First it’s white, then it’s red, in five days it’s dead. My grandfather used to tell me this saying that he remembered growing up on a farm where cotton was king. My family rode into Savannah to stay with friends last weekend and the cotton fields were plentiful. I know cotton well because my first job out of agricultural college was working for a cotton company in Burke County.
Cotton is so rich in history but also huge to Georgia’s economy.
Next to poultry, cotton is our most important raw material in terms of value in Georgia, with an annual production of between 750 million and 1 billion US dollars. Poultry may be king in Georgia, but cotton is at least queen or a high-ranking prince.
The process of growing and harvesting cotton is interesting and worth sharing.
Cotton is grown from seeds planted from mid-April to early June. The plants will germinate and grow into a shrub-like plant in the 3 to 5 foot range, and in eight to nine weeks you will be singing my grandfather’s song.
The white flower blooms and is self-pollinated within hours of opening. On the second day, the flower turns pink, and on the third day, the flower turns red. Then, on the fifth day, the flower dries and begins to develop the capsule. Pods are considered fruits and contain the cotton seed surrounded by fibers that gradually grow and thicken. When the plant reaches the 16-17 week mark, the pods open, releasing the cotton fiber mixed with the seeds. After 20 weeks the seed pods will dry and be ready for harvest.
The harvest part is fascinating. When the cotton is open and ready to be picked, the farmer must first spray the fields with a so-called defoliant. There are different types of defoliants, but generally it is a chemical that causes the cotton plant to shed all of its leaves. Losing all the leaves is important because when a cotton picker (harvester) drives over the plants, the machine wants to pick more fibers than leaves. Leaf components in the fiber can devalue the cotton.
The cotton harvesters are these incredibly complicated machines that you can only imagine someone at NASA created because it’s this series of spinning dials, fans, wheels, belts, blowers, gears and magic that planted them Go down rows and pull off the cotton and seed and throw it in the bin at the back while still leaving the plant upright in the field.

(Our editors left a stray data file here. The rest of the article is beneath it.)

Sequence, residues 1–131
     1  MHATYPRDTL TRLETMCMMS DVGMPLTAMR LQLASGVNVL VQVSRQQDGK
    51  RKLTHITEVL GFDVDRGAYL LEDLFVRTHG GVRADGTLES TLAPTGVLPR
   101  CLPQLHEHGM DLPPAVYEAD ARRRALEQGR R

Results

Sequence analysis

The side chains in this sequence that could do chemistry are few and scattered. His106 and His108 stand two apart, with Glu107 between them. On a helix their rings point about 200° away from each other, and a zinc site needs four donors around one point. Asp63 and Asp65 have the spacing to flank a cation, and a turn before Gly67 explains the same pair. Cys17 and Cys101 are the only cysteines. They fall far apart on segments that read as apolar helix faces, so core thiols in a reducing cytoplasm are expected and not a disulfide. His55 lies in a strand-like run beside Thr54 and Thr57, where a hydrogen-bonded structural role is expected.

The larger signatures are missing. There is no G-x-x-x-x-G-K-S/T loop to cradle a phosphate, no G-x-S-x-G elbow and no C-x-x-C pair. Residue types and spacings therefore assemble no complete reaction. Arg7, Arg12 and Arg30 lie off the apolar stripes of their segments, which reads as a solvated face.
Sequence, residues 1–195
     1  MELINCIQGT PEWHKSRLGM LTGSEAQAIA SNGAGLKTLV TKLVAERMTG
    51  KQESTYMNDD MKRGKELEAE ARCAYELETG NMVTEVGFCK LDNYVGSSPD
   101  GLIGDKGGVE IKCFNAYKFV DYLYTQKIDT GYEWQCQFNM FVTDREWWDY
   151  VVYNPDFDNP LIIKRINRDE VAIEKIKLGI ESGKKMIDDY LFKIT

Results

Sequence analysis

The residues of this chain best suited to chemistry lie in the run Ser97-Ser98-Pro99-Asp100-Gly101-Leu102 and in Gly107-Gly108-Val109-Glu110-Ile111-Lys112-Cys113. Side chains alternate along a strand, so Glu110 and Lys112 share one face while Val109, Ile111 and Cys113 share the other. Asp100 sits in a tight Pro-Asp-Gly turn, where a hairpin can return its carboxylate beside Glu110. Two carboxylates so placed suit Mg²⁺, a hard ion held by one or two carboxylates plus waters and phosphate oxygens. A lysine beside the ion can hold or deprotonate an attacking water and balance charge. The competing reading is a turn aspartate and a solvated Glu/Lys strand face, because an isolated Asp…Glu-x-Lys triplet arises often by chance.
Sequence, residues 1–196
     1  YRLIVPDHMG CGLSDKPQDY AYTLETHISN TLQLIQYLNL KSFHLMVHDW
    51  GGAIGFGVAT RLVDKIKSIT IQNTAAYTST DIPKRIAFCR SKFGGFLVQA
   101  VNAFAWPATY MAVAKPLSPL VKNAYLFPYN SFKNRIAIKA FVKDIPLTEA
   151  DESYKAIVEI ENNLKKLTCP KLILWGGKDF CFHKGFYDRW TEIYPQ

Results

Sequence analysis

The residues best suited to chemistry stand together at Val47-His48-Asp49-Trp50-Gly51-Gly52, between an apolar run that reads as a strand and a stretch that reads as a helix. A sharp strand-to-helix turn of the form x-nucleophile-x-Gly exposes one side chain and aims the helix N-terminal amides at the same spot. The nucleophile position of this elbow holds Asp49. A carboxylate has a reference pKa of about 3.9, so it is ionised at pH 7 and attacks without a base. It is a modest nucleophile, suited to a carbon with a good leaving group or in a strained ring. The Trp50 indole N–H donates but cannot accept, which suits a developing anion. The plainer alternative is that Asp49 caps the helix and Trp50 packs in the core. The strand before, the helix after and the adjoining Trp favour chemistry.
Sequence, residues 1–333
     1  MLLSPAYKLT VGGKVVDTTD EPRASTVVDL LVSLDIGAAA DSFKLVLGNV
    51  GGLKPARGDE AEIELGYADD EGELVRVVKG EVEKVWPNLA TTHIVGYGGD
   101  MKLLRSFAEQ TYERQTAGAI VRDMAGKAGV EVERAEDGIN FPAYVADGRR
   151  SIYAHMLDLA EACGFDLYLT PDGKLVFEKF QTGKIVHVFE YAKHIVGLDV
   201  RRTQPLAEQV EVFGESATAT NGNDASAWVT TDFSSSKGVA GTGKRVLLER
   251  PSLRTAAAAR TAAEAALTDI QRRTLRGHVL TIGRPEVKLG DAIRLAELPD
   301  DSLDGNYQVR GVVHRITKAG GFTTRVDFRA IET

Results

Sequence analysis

When the container is filled with fibers and seeds, the cotton is usually placed in a packing machine that is placed at the edge of a field. The picker dumps the cotton into the packer, which is 32 feet long, 7.5 feet wide and up to 11 feet high. A hydraulic packer moves the module up and down and really seals it. Recent innovations have a round baler built into the cotton picker, which essentially builds a giant bale of hay out of cotton and dumps the finished bale backwards into the field. A cotton module holds 11 to 15 bales, while a round bale consists of four or five bales.
What makes a bale of cotton?
When harvested, a raw bale contains approximately 900 pounds of seed, 500 pounds of fluff, and 100 pounds of litter (leaf material). The yield in a field is between 1.5 and 2 plus bales per acre.
After harvesting, the modules or bales are taken to a gin to remove the seeds from the fluff. That’s how Eli Whitney became such a big deal. A giant vacuum sucks the raw cotton, which has cotton and seed woven together, into a sprout that falls into a bowl, and a giant circular saw blade protrudes through metal ribs. The blade rips back the fiber between the ribs where the seed cannot fit. The seed falls on the tray and is blown into a storehouse.
The cotton fiber is sent through a dryer on a conveyor belt and dumped into a hopper that hydraulically packs 500 pounds of cotton fluff into a bale. A sample is taken from each bale before it is crushed. The sample is then sent for evaluation based on the length and strength of the fiber, color and the amount of waste mixed into the cotton. Note values determine what price you need to subtract from the market price or not.
Cotton bales are stored until sold and all have their own code that says almost everything about the bale itself, including ownership, quality and total weight. Once purchased, the bale can travel almost anywhere in the world.
Cotton is a big deal in the Southeast. Next time you’re driving the roads out in the country, enjoy the view of an all-white field that could be part of the shirt you wear next Christmas. Happy Thanksgiving.